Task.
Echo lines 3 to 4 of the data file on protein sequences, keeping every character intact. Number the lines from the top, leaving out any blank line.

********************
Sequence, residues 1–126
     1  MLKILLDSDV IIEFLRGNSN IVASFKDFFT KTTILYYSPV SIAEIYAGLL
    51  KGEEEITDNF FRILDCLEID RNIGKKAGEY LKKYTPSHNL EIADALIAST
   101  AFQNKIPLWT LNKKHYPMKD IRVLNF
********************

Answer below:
    51  KGEEEITDNF FRILDCLEID RNIGKKAGEY LKKYTPSHNL EIADALIAST
   101  AFQNKIPLWT LNKKHYPMKD IRVLNF